SYNDROME DECODING FOR BLOCK CODES , Basic Concept , Error detection in the received code word.

By   January 3, 2020

SYNDROME DECODING FOR BLOCK CODES

1. Basic Concept

In previous article, we have discussed about the encoder for the linear block code. Now, let us learn about the decoder. The two important functions of the decoder are as under:
(i)         Error detection in the received code word.
(ii)        Error correction.
The decoding of linear block codes is done by using a special technique called syndrome decoding, which reduces the memory requirement of the decoder to a great extent. The syndrome decoding technique is explained in the following paragraph.

1. Practical Assumptions

(i)         Let X represent the transmitted code word and Y represent the received code word.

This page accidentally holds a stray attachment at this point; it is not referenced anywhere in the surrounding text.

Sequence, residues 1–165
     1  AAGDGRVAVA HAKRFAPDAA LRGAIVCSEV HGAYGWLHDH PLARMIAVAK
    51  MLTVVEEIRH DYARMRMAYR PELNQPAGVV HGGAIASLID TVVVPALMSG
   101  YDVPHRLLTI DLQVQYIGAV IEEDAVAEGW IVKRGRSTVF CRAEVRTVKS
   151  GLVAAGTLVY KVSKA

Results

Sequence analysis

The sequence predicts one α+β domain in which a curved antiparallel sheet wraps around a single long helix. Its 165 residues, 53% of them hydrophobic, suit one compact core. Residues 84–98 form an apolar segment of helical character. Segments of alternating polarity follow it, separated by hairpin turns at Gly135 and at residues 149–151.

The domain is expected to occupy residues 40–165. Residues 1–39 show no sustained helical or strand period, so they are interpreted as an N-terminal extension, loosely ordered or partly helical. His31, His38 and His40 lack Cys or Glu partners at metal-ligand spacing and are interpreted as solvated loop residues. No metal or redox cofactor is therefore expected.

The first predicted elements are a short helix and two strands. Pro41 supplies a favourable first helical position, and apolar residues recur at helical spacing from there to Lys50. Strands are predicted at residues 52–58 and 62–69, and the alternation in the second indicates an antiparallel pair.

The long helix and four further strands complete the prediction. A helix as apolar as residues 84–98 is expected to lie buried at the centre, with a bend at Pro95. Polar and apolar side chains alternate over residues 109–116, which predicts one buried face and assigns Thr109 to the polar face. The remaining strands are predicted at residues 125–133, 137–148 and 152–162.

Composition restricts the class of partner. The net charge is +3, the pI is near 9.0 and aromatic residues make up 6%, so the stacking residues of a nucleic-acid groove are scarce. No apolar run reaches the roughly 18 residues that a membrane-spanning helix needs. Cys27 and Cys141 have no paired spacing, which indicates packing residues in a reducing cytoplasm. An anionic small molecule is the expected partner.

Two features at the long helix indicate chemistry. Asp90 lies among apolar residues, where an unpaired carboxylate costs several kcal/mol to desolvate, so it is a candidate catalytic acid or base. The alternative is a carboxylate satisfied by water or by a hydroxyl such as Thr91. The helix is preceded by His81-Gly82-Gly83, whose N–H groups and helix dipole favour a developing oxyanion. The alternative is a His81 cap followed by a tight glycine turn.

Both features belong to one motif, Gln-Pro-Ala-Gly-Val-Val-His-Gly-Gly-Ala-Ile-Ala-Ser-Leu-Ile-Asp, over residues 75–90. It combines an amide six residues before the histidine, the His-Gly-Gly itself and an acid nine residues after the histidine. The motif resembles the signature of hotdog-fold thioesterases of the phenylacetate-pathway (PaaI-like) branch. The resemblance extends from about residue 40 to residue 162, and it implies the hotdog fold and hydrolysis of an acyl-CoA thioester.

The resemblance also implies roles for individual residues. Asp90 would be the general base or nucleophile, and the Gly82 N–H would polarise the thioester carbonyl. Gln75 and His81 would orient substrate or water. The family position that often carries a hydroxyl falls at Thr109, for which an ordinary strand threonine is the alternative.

(ii)        Then, if X = Y, no errors in the received signal and
if X  Y , then some errors are present.

1. Detection of Error
2. For an (n, k) linear block code, there exists a parity check matrix H of size (n – k) x n. We know that,

Parity check matrix, H= [PT : In-k](n-k) x n
where PT represents the transpose of P matrix and In-k is the identity matrix.
*          Modulo-2 adders are nothing but EX-OR gates.

1. The transpose of the parity check matrix is given by,

HT =                                         …(10.19)
where P is the coefficient matrix.

1. The transpose of parity check. matrix (HT) exhibits a very important property, i.e.

XHT = (0, 0, …, 0)                                           … (10.20)
This means that the product of any code vector X and the transpose of the parity check matrix will always be 0.